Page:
A stalker has narrowly been spared from jail after he harassed his ex-wife by emails, texts and social media and also drove by her home and work address.
Chesterfield magistrates’ court heard on Tuesday, May 8, how Richard Allan Mansell, 42, of Hetton Drive, Clay Cross, had originally sent messages arguing about the sale of the couple’s marital home but the nature of messages changed in September, last year, and concerned his feelings.
Prosecuting solicitor Sarah Haslam told a previous hearing Mansell messaged that he missed his ex, that he was sorry he “killed it”, that he had taken her for granted and he asked why she was ignoring him.
Mansell also sent a message about how he had seen her walking back into work at Barlborough, according to Mrs Haslam, and she received texts daily about her being at work and how he had noticed her car number plate had changed.
Mrs Haslam said: “She was nervous and scared he was following her and CCTV showed he had been driving to her work in a cul-de-sac and he had been seen on 16 occasions.
“She looked at the CCTV every so often and there have been 16 occasions where he was sat outside.”
Mrs Haslam added that Mansell continued to send emails via his ex’s work email address including messages asking if he was dead would she be happy and which of his “f**k-ups killed you off”?
The complainant stopped receiving emails for a period but they started again in October, 2017, with texts, SnapChat and WhatsApp messages and more work emails.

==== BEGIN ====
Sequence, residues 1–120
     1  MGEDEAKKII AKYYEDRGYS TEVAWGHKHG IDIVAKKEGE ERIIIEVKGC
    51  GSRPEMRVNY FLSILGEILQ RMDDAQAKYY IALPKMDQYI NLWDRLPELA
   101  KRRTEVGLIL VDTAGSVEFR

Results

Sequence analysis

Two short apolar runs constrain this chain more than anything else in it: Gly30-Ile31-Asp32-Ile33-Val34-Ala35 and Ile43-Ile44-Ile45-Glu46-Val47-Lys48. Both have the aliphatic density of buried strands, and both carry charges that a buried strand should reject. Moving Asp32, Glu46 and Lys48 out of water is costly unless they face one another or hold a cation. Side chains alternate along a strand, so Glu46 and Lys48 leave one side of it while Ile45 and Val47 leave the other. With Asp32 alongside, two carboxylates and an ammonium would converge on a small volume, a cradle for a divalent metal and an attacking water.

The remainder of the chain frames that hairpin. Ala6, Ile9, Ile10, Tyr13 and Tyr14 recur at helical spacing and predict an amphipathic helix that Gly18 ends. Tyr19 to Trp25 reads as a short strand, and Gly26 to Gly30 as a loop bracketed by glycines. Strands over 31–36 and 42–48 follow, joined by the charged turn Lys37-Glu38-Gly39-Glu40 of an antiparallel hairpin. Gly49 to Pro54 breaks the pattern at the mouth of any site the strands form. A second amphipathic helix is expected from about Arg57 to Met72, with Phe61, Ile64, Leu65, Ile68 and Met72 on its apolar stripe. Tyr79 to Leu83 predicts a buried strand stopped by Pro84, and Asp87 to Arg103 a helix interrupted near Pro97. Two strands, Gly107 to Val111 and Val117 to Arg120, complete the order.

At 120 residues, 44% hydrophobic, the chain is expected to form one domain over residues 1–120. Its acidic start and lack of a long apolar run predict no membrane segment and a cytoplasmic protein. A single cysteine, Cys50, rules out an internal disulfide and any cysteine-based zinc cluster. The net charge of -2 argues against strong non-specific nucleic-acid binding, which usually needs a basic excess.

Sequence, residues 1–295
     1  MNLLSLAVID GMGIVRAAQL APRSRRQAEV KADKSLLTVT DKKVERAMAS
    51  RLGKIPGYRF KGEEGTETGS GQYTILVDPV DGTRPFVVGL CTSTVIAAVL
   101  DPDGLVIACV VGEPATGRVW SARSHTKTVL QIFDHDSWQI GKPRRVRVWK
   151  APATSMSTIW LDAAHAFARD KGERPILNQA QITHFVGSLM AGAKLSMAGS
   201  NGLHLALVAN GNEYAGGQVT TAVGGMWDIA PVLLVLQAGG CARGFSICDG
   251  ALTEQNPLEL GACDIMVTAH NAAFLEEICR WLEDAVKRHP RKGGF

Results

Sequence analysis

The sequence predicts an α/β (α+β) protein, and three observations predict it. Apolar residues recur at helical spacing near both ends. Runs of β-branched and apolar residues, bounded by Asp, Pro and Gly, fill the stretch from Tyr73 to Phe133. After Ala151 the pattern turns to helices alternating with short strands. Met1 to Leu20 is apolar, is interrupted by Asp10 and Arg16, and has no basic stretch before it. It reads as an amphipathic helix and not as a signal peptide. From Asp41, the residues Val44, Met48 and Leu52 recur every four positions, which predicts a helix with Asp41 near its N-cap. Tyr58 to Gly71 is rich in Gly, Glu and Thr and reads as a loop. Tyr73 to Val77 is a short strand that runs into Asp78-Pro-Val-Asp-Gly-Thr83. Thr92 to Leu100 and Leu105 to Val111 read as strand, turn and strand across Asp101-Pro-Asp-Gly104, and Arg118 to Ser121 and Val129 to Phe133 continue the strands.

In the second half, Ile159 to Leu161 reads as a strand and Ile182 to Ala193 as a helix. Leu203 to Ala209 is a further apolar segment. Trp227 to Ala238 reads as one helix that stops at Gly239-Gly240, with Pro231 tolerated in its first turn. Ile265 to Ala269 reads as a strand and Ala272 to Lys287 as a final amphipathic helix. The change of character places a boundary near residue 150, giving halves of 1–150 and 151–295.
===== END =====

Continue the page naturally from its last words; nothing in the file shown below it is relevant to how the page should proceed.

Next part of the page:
Over Christmas, he said he had seen her at a discount store, according to Mrs Haslam, and that he did not think he would get over her and that he hated himself.
Mrs Haslam added that he drove past the complainant’s parents’ property on New Year’s Day and he sent emails in January saying he was sorry, he missed her and asked her to talk to him and that he would always love her.
In February, Mansell started sending messages about her new partner and he sent roses to her on Valentine’s Day from an anonymous sender to her parents’ address, according to Mrs Haslam.
He also phoned her in March and sent messages in April, according to Mrs Haslam, and the complainant saw him driving outside her home.
Mrs Haslam added that the complainant stated that matters had reached a stage where there was no need for any contact but she has been left feeling like she is being watched.
Mansell also sent an abusive message to the defendant’s new partner with insulting sexual references, according to Mrs Haslam.
The defendant pleaded guilty to stalking between September, 2017, and April, 2018. He also admitted harassing the complainant’s partner by sending three abusive text messages.
Defence solicitor David Gittins said Mansell has struggled to accept the breakdown of the relationship which had collapsed because of his infidelity.
He added that there were no threats of violence among the messages.
Magistrates sentenced Mansell to 24 weeks of custody suspended for 18 months with a Rehabilitation Activity Requirement and an indefinite restraining order.
He was also ordered to pay £400 compensation, a £115 victim surcharge and £85 costs.